In summary, there are many ways to organize and design the student experience inn a Canvas course utilizing most of the tools. This page suggests concentrating organizing the course using the Modules tool. While creating the modules, the instructor will also be creating assignments and quizzes, and discussions, and other activities. In most cases, these activities will be automatically placed in the Assignments tool, the Syllabus tool, the Pages tool, and the Calendar tool.

For face-to-face courses not needing to use all the Canvas toolset, please see:

Canvas Course for Submitting Assignments

Tuesday, May 31st, 2011

There are some face-to-face classes that use the course management system merely for a place for students to submit their papers (or Powerpoints or some other type of file) electronically. This page discusses using Canvas solely for the purpose of providing students a place to submit assignments.

Step One: In a face-to-face class, the instructor will normally hand out the syllabus on the first day of class. Discussion might happen in the classroom or outside via a blog or some tool other than a course management system. Canvas allow changing the homepage to go directly to a listing of the assignments:

Step Two:Once the home page layout has been changed to point directly to assignments, click on the link to Assignments in the course menu:

Step Three: And click to add an assignment.

Step Four: We want to see all the options for this new assignment, so click on the link to “more options”.

Step Five: There are lots of options. This screen shot is emphasizing changing the title from the generic “Assignment 1”, setting a point value, and setting a due date. Notice that the instructor can decide what format is acceptable for turning in assignments. Here the check boxes are set for file upload and for text entry. The former would be appropriate for lengthy documents that the student would write up in Word. The latter is appropriate for a short submission like a paragraph that could be typed directly into Canvas.

Step Six: This screen shot is showing four assignments. If you have lots of assignments, you may want to group them into some logical organization. To do so, click the link to add an assignment group:

Step Seven:  This screen shot shows the assignments organized by type. The two paragraph assignments are in one group and the two paper assignments are in another group. The assignment group names are in grey bars. Note that you can move the groups and the assignments by grabbing the icon on the left of each line. Just drag and drop.

Course Design Example: Here is an example of a course used solely for assignment submissions. The home page has been changed to point directly to the list of assignments.


Disclaimer: This example is appropriate in a face-to-face class for which the instructor does everything in class (or otherwise outside the course management system) and uses Canvas solely for the purpose of giving students a convenient place to upload and submit electronic files. A blended or fully online course would likely employ a more advanced design including the use of modules, the syllabus tool, discussions, quizzes, and other tools.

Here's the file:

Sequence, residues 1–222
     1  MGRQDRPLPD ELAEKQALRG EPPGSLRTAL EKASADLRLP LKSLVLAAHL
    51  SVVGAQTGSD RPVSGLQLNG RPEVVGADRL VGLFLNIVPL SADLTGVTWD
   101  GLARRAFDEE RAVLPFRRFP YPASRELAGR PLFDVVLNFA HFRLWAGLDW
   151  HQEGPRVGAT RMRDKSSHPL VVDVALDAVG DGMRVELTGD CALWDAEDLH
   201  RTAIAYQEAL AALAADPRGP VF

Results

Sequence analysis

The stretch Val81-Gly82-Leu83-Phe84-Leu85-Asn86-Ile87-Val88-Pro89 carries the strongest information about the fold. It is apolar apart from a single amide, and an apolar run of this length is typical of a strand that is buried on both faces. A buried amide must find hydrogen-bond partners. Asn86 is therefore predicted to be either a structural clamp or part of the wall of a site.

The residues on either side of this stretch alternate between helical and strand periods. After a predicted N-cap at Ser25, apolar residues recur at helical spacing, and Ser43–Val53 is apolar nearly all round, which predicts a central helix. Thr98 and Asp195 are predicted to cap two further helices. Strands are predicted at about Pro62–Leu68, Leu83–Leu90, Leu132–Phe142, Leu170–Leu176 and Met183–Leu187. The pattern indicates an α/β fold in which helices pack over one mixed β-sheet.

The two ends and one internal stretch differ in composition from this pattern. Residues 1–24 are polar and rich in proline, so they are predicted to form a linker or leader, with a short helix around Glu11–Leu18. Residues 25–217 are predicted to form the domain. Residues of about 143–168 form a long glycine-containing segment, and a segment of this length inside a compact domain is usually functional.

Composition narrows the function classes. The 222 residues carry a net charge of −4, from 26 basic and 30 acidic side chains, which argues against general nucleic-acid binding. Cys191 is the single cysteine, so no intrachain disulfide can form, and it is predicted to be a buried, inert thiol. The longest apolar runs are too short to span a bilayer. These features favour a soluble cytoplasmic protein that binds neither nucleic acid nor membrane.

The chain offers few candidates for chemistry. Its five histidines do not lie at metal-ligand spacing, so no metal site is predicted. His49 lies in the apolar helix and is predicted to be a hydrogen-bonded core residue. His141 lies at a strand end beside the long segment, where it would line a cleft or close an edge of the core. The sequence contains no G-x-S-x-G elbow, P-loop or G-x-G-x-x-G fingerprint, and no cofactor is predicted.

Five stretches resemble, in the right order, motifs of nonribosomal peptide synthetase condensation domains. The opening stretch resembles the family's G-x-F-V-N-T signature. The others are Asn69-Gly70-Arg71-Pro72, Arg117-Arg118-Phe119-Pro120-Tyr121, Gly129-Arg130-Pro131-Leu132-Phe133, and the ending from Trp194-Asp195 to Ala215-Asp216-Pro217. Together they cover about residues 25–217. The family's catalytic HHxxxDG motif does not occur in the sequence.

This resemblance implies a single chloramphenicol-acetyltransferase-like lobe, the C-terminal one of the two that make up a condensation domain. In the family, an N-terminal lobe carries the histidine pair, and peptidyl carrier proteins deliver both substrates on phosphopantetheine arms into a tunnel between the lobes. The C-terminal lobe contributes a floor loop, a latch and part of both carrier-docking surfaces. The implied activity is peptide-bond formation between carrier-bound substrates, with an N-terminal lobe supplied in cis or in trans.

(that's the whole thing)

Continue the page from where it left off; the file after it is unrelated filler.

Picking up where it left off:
First Day Course Design

Tuesday, May 31st, 2011

Here is a suggestion that would be appropriate in a course that is fully online or has a major online component in Canvas.

The instructor can set what kind of page the student sees when first entering the course.  The choices are:

  • the communication (or activity) stream
  • a wiki page (Front Page) designed by the instructor
  • the course modules page
  • the assignment list
  • the assignment list including syllabus

To do this, the instructor clicks on the “Change Home Page Layout” link (upper right):

Click to enlarge

There are several choices, but a good choice for the first day(s) of the semester is the “Page I’ll Design Myself”:

Next, click the Update Layout button.

Now you will need to click the Edit this Page button.

You will be presented with a wysiwyg editor. Create any text, add images, or even videos. This page will be the “Front Page” and it will be the page any user sees when entering the “Pages” area. It is also the page users will see whenever the home page layout is set to the “Page I’ll Design Myself” option.

One possibility for the first day is to create an informational page that tells students what to do. This may not be necessary in a face-to-face class where the instructor is present to answer first day questions. But in an online class this would be recommended. Of course, what you say depends on the class. Here is an example from my EDCI 525 class from summer, 2011:

Example only – first day text varies by course

After the first few days of class, it would probably be best to set the home page layout back to the communication/activity stream or at least rework the “Front Page” to eliminate the “how to get started” info.